Toula Portokalos wants love, but she doesn’t believe she deserves it. At least not in the form of Ian Miller, a handsome English teacher with kind eyes. After all, her role in life is clearly stated from the opening lines of My Big Fat Greek Wedding (2002): “Nice Greek girls are supposed to do three things in life: marry Greek boys, make Greek babies, and feed everyone until the day we die.” But Ian Miller – played by Sex and The City hunk John Corbett – upends those plans. Not only is he not Greek, in Toula’s eyes he’s more than she deserves. The audience knows differently, of course. From the second she appears on screen in a palette of muted browns and not the primary colours she’ll lean on later – like red, the colour of love – Toula is the heart of the movie. She’s more than an atypical rom-com heroine: she’s not blonde, blue-eyed, or all-American. She’s Greek and her life experiences are informed by those of the real-life woman playing her: Nia Vardalos.
My Big Fat Greek Wedding (2002) was adapted from Vardalos’s one-woman stage show of the same name, which played sold-out dates in Los Angeles for months after the comedian and writer cleverly advertised the production in Greek Orthodox churches across the area. It was seen by Rita Wilson and her husband Tom Hanks, who came on board to produce the big-screen adaptation which became the highest grossing romantic comedy of all time, earning a global box-office haul of more than $368 million on a $5 million budget. A key part of its success, according to Hanks, was Vardalos who Hollywood producers had originally sought to replace with actress Marisa Tomei (among others) in initial development meetings.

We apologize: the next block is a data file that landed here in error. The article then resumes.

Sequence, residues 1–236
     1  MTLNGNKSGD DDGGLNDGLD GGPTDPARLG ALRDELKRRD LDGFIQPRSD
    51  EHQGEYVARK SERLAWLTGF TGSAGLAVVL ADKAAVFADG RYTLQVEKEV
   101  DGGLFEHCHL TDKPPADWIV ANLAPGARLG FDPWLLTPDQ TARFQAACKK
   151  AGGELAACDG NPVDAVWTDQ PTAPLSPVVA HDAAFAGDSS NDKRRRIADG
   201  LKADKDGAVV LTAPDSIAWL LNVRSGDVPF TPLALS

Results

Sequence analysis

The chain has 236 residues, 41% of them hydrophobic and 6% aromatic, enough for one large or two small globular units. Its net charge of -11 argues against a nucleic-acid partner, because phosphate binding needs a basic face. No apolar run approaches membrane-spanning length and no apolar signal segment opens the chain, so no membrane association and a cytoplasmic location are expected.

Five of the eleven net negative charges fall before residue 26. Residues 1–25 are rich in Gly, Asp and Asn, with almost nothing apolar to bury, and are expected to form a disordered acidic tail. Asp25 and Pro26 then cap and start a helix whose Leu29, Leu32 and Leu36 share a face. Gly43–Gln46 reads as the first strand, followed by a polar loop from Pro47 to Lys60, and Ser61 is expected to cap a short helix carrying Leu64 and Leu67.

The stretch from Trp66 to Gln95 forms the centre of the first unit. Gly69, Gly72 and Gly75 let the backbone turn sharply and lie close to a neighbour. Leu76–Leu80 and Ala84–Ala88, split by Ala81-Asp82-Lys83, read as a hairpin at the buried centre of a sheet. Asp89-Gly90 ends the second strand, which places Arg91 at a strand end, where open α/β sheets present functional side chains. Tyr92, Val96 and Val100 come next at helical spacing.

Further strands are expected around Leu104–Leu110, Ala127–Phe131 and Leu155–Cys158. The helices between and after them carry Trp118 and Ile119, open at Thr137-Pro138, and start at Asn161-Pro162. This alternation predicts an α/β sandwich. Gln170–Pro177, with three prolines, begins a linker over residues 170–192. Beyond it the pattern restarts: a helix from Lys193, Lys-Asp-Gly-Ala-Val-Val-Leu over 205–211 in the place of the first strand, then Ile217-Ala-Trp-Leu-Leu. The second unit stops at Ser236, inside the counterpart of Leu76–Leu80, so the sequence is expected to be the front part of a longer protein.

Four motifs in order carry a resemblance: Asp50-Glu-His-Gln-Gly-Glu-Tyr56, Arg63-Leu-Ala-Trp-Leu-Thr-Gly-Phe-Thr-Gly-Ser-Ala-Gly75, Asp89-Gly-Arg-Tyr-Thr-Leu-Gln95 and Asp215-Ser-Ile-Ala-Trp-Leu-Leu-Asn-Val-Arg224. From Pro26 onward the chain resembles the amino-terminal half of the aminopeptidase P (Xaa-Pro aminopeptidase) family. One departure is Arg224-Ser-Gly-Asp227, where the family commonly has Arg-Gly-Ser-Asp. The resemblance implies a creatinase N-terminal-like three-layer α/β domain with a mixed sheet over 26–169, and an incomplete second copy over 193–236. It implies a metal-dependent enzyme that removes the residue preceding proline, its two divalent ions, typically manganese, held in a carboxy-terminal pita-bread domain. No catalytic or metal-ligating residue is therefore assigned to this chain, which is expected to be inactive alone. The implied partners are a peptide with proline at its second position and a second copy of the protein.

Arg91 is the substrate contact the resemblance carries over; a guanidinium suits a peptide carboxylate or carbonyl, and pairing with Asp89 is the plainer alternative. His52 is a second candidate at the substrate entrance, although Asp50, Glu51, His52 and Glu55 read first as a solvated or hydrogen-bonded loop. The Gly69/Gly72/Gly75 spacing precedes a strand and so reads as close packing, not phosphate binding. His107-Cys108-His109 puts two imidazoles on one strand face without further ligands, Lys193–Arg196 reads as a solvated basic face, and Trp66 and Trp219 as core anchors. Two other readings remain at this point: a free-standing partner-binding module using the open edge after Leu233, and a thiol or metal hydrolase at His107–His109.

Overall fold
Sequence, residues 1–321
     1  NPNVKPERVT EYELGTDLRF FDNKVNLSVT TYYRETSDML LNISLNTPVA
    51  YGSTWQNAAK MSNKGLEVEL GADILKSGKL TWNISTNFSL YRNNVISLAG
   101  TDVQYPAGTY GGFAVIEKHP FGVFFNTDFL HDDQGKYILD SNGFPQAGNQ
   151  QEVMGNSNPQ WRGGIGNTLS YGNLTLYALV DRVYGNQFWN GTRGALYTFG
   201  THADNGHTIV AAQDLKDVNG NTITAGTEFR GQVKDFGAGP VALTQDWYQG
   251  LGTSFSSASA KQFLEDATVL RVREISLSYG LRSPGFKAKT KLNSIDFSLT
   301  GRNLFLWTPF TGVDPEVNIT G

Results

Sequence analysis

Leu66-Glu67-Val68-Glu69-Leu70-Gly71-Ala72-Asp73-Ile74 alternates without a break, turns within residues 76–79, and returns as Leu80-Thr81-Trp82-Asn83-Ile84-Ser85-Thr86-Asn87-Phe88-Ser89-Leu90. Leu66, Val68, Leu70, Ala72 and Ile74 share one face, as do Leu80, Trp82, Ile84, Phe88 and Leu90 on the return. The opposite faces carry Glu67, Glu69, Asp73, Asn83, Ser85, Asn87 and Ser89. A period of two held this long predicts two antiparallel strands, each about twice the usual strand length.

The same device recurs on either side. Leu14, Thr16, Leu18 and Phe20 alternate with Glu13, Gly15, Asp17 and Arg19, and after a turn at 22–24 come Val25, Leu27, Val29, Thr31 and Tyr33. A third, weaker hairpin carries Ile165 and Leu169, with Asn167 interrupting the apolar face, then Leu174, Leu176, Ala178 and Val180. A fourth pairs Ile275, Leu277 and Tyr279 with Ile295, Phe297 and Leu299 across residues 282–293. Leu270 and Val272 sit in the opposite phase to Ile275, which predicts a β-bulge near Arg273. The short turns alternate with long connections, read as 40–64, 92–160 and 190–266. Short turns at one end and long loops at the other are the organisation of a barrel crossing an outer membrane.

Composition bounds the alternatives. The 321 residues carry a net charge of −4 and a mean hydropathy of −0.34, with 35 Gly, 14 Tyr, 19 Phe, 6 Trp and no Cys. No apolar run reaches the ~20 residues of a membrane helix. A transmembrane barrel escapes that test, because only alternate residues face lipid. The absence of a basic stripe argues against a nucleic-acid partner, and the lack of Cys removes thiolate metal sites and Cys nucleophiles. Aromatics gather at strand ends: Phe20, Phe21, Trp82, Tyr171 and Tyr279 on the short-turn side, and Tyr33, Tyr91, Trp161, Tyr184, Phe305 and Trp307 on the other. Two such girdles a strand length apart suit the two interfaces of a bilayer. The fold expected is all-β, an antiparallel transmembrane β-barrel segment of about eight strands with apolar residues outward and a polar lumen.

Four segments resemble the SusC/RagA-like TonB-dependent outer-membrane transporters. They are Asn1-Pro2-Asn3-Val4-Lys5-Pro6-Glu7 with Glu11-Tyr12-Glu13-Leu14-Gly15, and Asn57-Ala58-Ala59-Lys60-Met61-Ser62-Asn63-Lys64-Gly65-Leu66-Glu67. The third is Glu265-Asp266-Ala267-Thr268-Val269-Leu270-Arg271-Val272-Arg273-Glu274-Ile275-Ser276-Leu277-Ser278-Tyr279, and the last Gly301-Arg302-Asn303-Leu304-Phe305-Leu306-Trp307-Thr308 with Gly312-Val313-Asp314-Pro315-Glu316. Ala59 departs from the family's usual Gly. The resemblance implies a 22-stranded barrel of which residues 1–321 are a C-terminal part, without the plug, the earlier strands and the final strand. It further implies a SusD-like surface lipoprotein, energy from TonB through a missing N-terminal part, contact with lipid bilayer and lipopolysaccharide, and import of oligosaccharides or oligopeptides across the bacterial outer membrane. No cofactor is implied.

Yet because it was Vardalos in that central role, playing a version of a character she had lived in and developed, her insecurities and doubt become our own. When the object of her affection pushes her to reveal more about herself on their second date, Toula finally opens up. “No one in my family has ever gone out with a non-Greek before,” she says, questioning why they should even keep seeing each other when their obvious differences mean their relationship is doomed. “And you’re … you’re wonderful.” The ‘you’re’ is more than connective tissue, it’s imbued with all the hope and longing that Toula has for a better life. As the ‘other’ in traditional American society, it’s a life that she believes is unattainable: one with someone who respects her, loves her, and partners with her outside of familial obligation. Vardalos’s pen is as sharp as her insights and her original screenplay saw her nominated for an Academy Award. Ultimately she lost to Pedro Almodóvar for Talk To Her (2002), but the biggest triumph was the millions of women who connected with Toula, who connected with Nia, and saw themselves finally reflected in the heroine she put on-screen.
– Maria Lewis